Feeling Smug: Practising What the Pope Preaches!

Pope Francis is such a popular figure—drawing a crowd of over six million people to a Mass in Manila!—that I couldn’t help but feel smug when I realised that I was already practising what he is preaching!  Well, not always, but at least on this one occasion!

He was speaking on the occasion of the Golden Anniversary of the Pontifical Institute for Arabic and Islamic Studies (PISAI) in Rome.  Almost at the very same time, on the other side of the world, I was teaching a summer school, Introducing Islam, at the Catholic Institute of Sydney.

 Fr Patrick McInerney - Introducing Islam
A further connection is that I had done post-graduate studies at PISAI in the mid-eighties.  It is dedicated to forming people to work in Muslim-majority countries such as Pakistan, where I was assigned at that time.
The Holy Father said, “Muslim-Christian dialogue requires …. extensive study .”  Well, I had done three years of study at PISAI, followed by many years of pastoral experience in Lahore and, more recently, in Sydney.  Now, I was passing on what I had learned to the students who came to study Islam and Muslim-Christian dialogue.

The Holy Father said, “Dialogue begins with encounter.”  Well, I had invited Muslim guest lecturers, so that my students would encounter real, live, flesh-and-blood Muslims, not just hear about them in lectures or read about them in books.  Whenever I teach Islam and Interreligious Dialogue, one of the assessment tasks I set is to meet a believer from another religion, preferably in that person’s place of worship, and write up a report of that encounter.   

Introducting Islam - Living and Relating as Christians and Muslisms in Contemporary Australia

The Holy Father said, “education (is) in no way secondary to a true process of approaching the other.”  Part of loving one’s neighbour is taking the trouble to learn about his or her religion.  The guest lecturers and I educated our students about the origins, beliefs, practices and history of Islam as first steps towards building respectful relations with Muslims.

The Holy Father stressed the importance of “research”, “formation”, “education”, “academic work” and a “scientific approach”.  We used scholarship to present a rigorous, academic, scientifically accurate account of the Prophet, Qur’an, Sunna, Shari’a, Pillars, Creed, history, current developments and Christian-Muslim relations.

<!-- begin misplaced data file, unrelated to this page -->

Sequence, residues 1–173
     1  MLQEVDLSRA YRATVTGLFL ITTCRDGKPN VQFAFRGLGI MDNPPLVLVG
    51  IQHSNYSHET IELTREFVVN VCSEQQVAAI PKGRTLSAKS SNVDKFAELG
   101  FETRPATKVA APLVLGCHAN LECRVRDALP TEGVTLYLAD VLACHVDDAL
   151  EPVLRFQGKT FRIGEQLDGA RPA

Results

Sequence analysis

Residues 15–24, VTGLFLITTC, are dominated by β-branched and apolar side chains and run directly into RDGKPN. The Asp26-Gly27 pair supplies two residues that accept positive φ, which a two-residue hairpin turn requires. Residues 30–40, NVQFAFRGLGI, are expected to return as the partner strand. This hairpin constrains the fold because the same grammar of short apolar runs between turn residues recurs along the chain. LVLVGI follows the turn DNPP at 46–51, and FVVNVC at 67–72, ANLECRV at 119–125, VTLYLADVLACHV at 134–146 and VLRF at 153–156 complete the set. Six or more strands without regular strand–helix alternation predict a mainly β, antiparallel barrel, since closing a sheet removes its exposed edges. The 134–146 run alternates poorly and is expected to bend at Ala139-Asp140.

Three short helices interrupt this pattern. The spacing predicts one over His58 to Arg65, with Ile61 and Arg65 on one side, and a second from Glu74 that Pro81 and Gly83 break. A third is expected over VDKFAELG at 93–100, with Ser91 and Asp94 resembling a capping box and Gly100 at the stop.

The Pope highlighted the urgency of dialogue in today’s world. “Perhaps there has never been a greater need, since the most effective antidote to violence is teaching the discovery and acceptance of difference as richness and fruitfulness.”  In the city shaken by the violent siege and its tragic outcome just one month earlier, the guest lecturers and I presented the very remedy the Pope proposed.  We presented Muslims and their religion, not as objects of fear, but as subjects who can enrich our lives and our society, especially when we learn from each other and collaborate together on shared values.  
By acquiring knowledge, the Holy Father said, “one tip-toes toward the other without stirring up the dust that clouds one’s vision”.  What a lovely expression!  Yes, learning is always baby steps!  It is a slow and patient process.  It is overcoming the ignorance, prejudice, fear and suspicion that veil our eyes until at last we see the other clearly.  We set our students well along the way on that path.   

The Holy Father concluded by referring to “the passionate, patient and vigorous search for truth and beauty, sown by the Creator in the heart of every man and woman and truly visible in every authentic religious expression.”  Through our summer school, we glimpsed those delights in our Muslim guests and in our subject, Islam, whetting our appetites for more.  

But perhaps I am blowing my own trumpet!  Here’s some of what my students said:

  • Excellent guest speakers.
  • Excellent resources, well organised.
  • The selected content was extremely interesting.
  • Patrick’s teaching skills and clear communication.
  • Muslim speakers sharing their personal experience.
  • Exposure to a wide range of ideas, resources and presenters.
  • While it was a sweeping overview of the subject there was a great depth of analysis.

[I think they all passed, don’t you!?]
And here’s what some of my guest lecturers said:

  • Christians and Muslims presenting together is a good model.
  • Students were given a range of Muslim opinion from the conservative to the liberal, which is generally not available in classes run by other organisations.
  • That a Christian organisation hosts this course is excellent as it makes students feel more comfortable about encountering the 'other'.

When I bemoaned that there were only nine students, one guest lecturer consoled me saying, “I believe quality is always superior to quantity”; and another said, “nine people is nine better than none!”  

But I can’t help but ask myself, along the lines of Luke 17:17, “Were not many more in need of being cured of ignorance and Islamophobia?  But the other nine, where are they?”

Maybe they’ll heed Pope Francis too and enrol next year!?

Fr Patrick McInerney SSC is the Co-odinator of the Centre for Christian Muslim Relations.